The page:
As mentioned earlier, the ConcurrentHashTrie is not consistent for operations that occur across the entire structure.  While at first look this seems terrible, in practical terms it is not really an issue.  The 2 main operations this impacts are size and iteration.  The size operation in the ConcurrentHashTrie is not O(1), but is O(n) where n is the size of the rootTable (or the number of stripes).  Because it has to iterate across all of the nodes in the rootTable (it doesn't need to traverse down the trees) and add all of their sizes it possible for the size of a Node to change after it has been read but before the result has been calculated.  Anyone that has worked a concurrent structure before has probably found that the size value is basically useless.  It is only ever indicative, as the size could change right after the method call returns, so locking the entire structure while calculating the size doesn't bring any benefit.  Iteration follows the same pattern.  It is possible that a node could have changed after being iterated over or just before being reached.  However, it doesn't really matter as it is not really any different to the map changing just before iteration started or just after it completes (as long as iteration doesn't break part way through).  Note that Cliff Click's NonBlockingHashMap exhibits similar behaviour during iteration and size operations.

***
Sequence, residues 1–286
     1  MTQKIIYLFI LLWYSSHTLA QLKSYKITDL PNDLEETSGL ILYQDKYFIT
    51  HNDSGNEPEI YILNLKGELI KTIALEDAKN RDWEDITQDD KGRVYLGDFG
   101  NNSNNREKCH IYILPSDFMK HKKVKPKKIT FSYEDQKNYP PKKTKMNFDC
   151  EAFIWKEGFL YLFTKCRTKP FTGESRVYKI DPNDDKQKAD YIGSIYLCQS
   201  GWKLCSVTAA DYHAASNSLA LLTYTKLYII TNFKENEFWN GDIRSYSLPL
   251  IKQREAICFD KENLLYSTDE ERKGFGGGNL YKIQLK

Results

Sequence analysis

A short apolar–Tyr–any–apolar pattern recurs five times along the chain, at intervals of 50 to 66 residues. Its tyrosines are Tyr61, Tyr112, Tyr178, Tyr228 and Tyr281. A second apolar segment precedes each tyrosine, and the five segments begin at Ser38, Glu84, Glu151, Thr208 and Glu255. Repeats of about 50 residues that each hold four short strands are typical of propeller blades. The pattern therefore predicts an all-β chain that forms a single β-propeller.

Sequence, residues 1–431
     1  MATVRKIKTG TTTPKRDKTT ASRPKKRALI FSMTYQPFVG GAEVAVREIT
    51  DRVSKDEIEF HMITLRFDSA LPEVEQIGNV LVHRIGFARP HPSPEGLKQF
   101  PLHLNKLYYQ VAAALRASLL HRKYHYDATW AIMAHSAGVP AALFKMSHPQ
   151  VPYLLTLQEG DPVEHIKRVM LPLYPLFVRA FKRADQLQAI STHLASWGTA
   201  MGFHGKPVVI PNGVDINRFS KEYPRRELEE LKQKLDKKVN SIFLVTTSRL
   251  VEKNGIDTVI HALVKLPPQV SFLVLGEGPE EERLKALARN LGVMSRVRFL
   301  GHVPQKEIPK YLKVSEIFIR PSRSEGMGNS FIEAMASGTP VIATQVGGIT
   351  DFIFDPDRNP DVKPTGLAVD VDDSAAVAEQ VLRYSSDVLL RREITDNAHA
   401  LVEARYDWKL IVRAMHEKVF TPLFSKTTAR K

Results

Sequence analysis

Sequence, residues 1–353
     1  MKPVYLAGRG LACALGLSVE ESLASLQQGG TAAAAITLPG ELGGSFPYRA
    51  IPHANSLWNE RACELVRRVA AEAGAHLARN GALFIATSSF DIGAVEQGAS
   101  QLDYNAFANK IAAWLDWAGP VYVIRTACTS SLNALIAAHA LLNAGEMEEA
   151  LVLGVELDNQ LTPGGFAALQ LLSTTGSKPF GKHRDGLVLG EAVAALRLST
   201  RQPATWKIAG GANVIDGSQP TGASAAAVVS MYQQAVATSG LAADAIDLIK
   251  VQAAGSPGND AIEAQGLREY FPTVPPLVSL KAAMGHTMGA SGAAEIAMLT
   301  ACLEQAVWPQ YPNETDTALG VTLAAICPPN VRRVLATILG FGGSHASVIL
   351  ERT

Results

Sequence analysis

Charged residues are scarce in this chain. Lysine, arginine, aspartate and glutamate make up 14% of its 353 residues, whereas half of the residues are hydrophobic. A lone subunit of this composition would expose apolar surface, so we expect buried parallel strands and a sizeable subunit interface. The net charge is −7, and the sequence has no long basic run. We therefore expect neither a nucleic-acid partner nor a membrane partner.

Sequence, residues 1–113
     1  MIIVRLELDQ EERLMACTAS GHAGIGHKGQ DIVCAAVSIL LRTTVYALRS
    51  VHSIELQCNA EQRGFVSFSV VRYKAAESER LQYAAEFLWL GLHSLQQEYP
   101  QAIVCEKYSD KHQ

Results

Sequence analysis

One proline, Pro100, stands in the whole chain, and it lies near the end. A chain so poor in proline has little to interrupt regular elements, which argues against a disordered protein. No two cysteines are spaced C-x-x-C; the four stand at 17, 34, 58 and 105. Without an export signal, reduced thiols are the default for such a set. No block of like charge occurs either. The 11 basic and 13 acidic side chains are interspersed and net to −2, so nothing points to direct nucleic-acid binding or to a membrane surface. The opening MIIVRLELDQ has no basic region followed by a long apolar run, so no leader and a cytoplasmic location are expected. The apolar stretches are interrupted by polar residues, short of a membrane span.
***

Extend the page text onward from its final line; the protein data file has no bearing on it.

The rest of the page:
Performance, The Good, The Bad and the... well mostly Bad

Cliff Click kindly included a performance testing tool with his high scale library which I've shamelessly ripped off and used to benchmark my implementation.  Apparently he borrowed some code from Doug Lea to implement it.  I changed a sum total of 1 line.  Writing benchmarks, especially for concurrent code, is very tough (probably harder than writing the collection itself), so borrowing from the experts gives me some confidence that the numbers I produce will be useful.

So onto the results:


Quite a bit slower than the java.util.ConcurrentHashMap.  I didn't even bother comparing to the NonBlockingHashMap from the high scale library, the numbers would be too embarrassing.

The ConcurrentHashTrie2 is an alternative implementation that I experimented with.  I suspected the polymorphic behaviour of the tree nodes was causing a significant performance hit due to a high number of v-table calls.  The alternate implementation avoids the v-table overhead by packing all three behaviours into a single class (in a slight dirty fashion).  I stole a couple of bits from the level variable to store a discriminator value.  The Node class switches on the discriminator to determine the appropriate behaviour.  As the results show, it didn't help much.  I ran a number of other permutations and the results were largely the same.